It is Monday and I am still excited from my Saturday adventure. I did the Warrior Dash in Joliet, Il. I have stories, bruises, and other souvenirs from that day.
My best friend, Liz made me do it. Well, she kept mentioning it to me until I signed up, so that makes it her fault. We traveled together, but didn’t do the course at the same time. She trains for obstacle course racing (OCR) and I stick to my crossfit and running. She went in a competitive wave at 8am and I chose to go at 9:45am when I registered.
We showed up early and parked in the first row (but still fairly far down). We went in to a table and initialed and signed away our lives on a waiver in order to claim our bibs. Once we had the bibs, we got our tee shirts and I stashed mine away to ensure no post race mud would touch it. We had to go back to get the hats they’d neglected to pass out. The setup was like a fair. There was a stage, a DJ, food tents, people giving samples of things, games with giveaways, a zipline, a kids area (with dirt to play in), a place to buy souvenirs, a beer tent, and all of the race related tents in one large area.
I watched Liz start and tried to see if I could locate her anywhere on the course. With no luck or understanding of how they set up, I camped out under a tree until the first person approached the final 2 obstacles. After watching Liz finish, we took pictures and made our way to wait near the start for my wave. I was getting antsy and almost took off in an earlier wave to avoid waiting, but I went with the 9:45 wave.
Mrs. Muddington’s Mounds: The first obstacle set my mood for the course. It was mud puddles and mounds to climb. People were lined up to drop into a pool of muddy water. After entering, the mound to climb before me was higher than my hands could reach from the water. It was also higher than the person in front of me. When we got to the mound, I laced my fingers together and told her to step up. She asked me if I was sure and I said, “I’m already muddy. Yes.” I helped another and then they turned around at the top and pulled me while someone else pushed from behind. Upon reaching the top, I turned around and grabbed the next person and pulled with all of my might. I was so proud of myself for being able to pull another person toward me as I slid down the other side of the hill into more muddy water. We repeated a similar task with the help of others and helping others up. It was energizing and I felt strong. The final muddy pool was just a short climb out. Upon returning to running, I thought about how incredible it was with people working together with strangers and being so kind to one another.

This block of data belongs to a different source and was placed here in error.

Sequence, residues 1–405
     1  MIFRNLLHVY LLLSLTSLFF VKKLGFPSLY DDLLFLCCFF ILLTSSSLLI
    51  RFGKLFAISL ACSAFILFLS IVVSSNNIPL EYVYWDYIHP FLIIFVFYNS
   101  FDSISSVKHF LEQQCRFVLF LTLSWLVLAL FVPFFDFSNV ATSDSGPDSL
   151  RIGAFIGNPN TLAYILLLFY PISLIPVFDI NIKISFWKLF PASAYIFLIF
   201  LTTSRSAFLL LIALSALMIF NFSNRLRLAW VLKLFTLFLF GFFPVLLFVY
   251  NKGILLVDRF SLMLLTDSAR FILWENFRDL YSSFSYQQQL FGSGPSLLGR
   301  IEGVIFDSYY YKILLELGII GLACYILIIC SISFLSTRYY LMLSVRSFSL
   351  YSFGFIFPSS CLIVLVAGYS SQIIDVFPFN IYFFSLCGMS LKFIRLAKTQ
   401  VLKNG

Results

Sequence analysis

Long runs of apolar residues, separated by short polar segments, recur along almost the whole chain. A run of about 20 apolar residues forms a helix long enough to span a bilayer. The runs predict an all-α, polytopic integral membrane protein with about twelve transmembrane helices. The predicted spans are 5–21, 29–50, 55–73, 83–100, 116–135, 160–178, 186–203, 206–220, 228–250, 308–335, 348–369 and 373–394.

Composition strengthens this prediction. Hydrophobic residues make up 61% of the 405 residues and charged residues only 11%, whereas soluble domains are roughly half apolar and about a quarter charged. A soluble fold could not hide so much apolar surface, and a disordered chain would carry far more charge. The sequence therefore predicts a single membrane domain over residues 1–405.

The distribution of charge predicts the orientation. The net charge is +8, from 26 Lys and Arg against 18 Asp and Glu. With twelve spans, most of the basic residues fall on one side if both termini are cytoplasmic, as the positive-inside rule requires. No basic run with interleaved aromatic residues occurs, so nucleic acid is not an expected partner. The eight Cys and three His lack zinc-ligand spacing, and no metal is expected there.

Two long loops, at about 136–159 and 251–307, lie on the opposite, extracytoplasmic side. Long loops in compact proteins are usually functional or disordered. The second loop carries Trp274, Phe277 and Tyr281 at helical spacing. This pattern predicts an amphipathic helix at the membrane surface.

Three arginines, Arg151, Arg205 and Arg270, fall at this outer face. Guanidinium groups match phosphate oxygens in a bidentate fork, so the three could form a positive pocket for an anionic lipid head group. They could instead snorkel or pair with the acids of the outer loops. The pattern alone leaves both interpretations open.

Fo Shizzle My Drizzle: The next obstacle was a soaked balance beam, or a wet wooden 4×4 interrupted by a wet ramp climb back onto the board to the end of the pit. The water turned off upon our approach. We didn’t get rinsed by the water, but the boards were still wet to walk upon. I walked gingerly across the board, but the climb wasn’t bad once I turned myself around to go down the other side.
Oscar the Ouch: This obstacle was a slanted wall, climb down the other side and belly crawl over grass and under barbed wire. I was a little surprised at how high the barbed wire was from the ground and crawled on my knees through it. I had anticipated the need to crawl on my elbows for this one.
Devil’s Crack: This obstacle was bear crawling in covered muddy trenches for 20 feet, then through muddy water into another 20 feet of muddy trench and back out. I probably did it faster than some since I stayed up off of my knees and kept my hands on the trench sides. I hit my head on the 2×4’s that were across the entries and exits of each trench. I was slightly pissed off when I did it exiting because I’d put my hand on the board to prevent braining myself again and I still did it.
The Damn Dam: This is also known as a warped wall. There were people waiting in line to run up the center of the 40 foot tall vertical wall to grab the top and descend the other side. There were strategically placed boards on either side to climb on, so I asked people around me if they were going to go that way and if use of the side was cutting in line. After several people reassured me, I quickly ascended most of the wall. I reached the top board and I couldn’t pull myself up and my feet were sliding off of the other board that I needed to push with my feet. I wiped mud from the rig and my shoes, flung it to the ground, and tried in vain to get my foot to stay put while I pulled with my arms. I threw my body upward and slid back time and again. I joined hands with a girl who’d climbed past me. She held my arm until I slung my leg up to the top and pushed with all of my strength to get up there. I sat momentarily terrified of descending the other side. Once I turned my body, I went as fast as I could to get down to the ground. I hugged each board as I went down as if my feet were still sliding. This might sound “awful” or whatever, but this obstacle was something I remember fondly.